Fun Activities for Teaching Doubles Addition
Updated: Sep 7
Teaching doubles should be one of your favourite things to teach. It's such an easy concept to plan practical activities for - which is great news for kids! Even better, those fun activities for teaching doubles are really quick to set up - which is great news for you!
What are doubles?
Doubles addition means adding the same number twice, for example, 2+2 or 5+5. You can explain to children that a double is two lots of something.
Doubling is first introduced in Reception class at school. The Early Learning Goals state that, 'Children at the expected level of development will automatically recall number bonds up to 5 and some number bonds to 10, including double facts' and 'will explore and represent patterns with numbers up to 10, including double facts' (Statutory framework for the early years foundation stage).
Instant recall of doubles is a useful mental maths tool as it paves the way for more complex maths, such as halving (the opposite of doubling), the two times table and near doubles. Near doubles are when two numbers are added, with one number being one more or one less than the doubles fact. An example of this would be 3+2 or 6+7. Children can use their knowledge of doubles to quickly solve the additions.
Activities for teaching doubles
Here are six practical ways to teach doubles addition. You probably have the resources to hand already and setting the activities up should be a doddle. If you have any more fun ideas, don't forget to add them to the comments section!
1. Visual Doubles
Go on a hunt around school and the local area looking for real-life examples of doubles. You might spot shoes (1+1), wheels on a car (2+2), egg cartons (3+3), legs on a spider (4+4), or fingers (5+5).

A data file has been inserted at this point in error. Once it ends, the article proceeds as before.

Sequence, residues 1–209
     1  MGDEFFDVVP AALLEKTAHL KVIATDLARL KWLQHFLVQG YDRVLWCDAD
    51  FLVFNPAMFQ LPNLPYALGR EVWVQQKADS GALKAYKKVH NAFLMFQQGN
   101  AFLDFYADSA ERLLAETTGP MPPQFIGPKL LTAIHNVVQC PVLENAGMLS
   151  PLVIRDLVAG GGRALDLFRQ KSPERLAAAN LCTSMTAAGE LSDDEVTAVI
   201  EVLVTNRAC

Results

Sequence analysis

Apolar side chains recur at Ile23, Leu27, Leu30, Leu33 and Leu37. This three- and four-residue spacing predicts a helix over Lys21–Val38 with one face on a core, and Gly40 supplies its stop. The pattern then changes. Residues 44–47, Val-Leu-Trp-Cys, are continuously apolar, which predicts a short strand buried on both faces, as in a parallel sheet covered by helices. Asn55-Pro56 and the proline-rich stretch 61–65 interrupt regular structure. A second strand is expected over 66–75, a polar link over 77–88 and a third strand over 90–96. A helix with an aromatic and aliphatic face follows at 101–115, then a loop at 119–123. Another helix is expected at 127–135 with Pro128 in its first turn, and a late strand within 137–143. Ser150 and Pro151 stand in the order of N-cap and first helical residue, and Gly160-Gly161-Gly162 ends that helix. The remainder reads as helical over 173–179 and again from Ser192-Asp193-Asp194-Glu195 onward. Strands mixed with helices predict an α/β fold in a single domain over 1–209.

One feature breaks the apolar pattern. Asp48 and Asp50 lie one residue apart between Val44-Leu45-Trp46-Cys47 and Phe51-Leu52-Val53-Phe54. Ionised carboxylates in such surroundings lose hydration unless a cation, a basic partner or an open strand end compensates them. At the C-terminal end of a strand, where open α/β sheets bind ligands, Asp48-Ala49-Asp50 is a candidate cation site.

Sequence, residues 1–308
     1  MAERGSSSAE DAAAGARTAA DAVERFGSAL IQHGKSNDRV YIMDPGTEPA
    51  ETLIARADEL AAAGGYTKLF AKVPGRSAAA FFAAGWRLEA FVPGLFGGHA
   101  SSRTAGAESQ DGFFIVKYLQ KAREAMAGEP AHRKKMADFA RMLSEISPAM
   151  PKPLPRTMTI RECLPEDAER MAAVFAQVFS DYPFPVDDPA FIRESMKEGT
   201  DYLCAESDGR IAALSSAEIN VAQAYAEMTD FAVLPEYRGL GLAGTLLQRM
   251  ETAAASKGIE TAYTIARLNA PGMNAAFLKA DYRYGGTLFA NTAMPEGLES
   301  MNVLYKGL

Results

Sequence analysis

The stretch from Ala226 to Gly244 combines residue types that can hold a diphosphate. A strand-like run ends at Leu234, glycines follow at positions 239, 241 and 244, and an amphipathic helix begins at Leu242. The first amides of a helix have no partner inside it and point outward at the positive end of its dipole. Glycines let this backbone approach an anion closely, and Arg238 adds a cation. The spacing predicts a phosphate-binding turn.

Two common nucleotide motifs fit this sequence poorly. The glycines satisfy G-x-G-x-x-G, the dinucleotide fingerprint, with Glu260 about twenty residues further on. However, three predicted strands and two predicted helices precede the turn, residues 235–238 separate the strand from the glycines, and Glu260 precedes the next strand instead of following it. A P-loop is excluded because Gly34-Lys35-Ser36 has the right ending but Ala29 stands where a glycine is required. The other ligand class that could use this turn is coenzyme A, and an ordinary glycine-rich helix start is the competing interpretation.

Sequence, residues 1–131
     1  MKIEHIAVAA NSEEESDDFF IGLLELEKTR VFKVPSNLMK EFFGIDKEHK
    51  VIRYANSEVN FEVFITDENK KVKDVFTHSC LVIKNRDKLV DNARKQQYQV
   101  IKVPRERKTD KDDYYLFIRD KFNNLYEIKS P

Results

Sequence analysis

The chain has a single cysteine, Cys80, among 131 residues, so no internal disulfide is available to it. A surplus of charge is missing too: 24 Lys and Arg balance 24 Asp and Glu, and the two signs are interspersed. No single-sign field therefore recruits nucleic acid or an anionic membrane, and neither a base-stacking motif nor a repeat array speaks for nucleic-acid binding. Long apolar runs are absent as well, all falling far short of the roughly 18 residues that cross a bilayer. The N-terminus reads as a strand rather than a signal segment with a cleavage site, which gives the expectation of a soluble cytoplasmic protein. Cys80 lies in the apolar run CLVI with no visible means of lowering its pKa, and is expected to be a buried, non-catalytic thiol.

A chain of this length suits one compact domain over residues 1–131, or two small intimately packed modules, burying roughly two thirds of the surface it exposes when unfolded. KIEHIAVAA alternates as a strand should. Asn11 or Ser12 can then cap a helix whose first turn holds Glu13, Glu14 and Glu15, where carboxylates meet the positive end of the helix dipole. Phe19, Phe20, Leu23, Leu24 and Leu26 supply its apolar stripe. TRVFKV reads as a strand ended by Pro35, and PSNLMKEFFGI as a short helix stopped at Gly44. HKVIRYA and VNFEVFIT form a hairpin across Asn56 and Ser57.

2. Doubling Dice
Children can roll a die and then double the number. Alternatively, they can roll two dice and identify whether they have rolled a double or not. Begin with 1-6 spotty dice, then move on to dice with numerals. When children are confident with doubles to 12, give them 1-10 dice instead, so that they can learn their doubles to 20.
3. Mirror Mirror
Plastic mirrors are a brilliant way to teach doubles. Children use the mirror to find and count double the number of counting manipulatives. Encourage them to use language like 'two lots of', 'double' and 'altogether makes'.
4. Tens Frames
Give children two sets of coloured counters. They place one of each colour on each line of the frame to represent 1+1, two of each colour on each line to represent 2+2 and so on. Children can clearly see how the double is made using this approach.
5. Domino Doubles
Children sort through dominoes and find the ones that have the same number on both sides. They can record the doubles additions on whiteboards.
6. Paint Times Two
Fold a piece of paper in half and open it back out. The child then paints a given number of spots on one half of the piece of paper. Fold the paper in half again, press down and open it back out to see double the number of spots. You could get arty and draw a ladybird or butterfly outline first!
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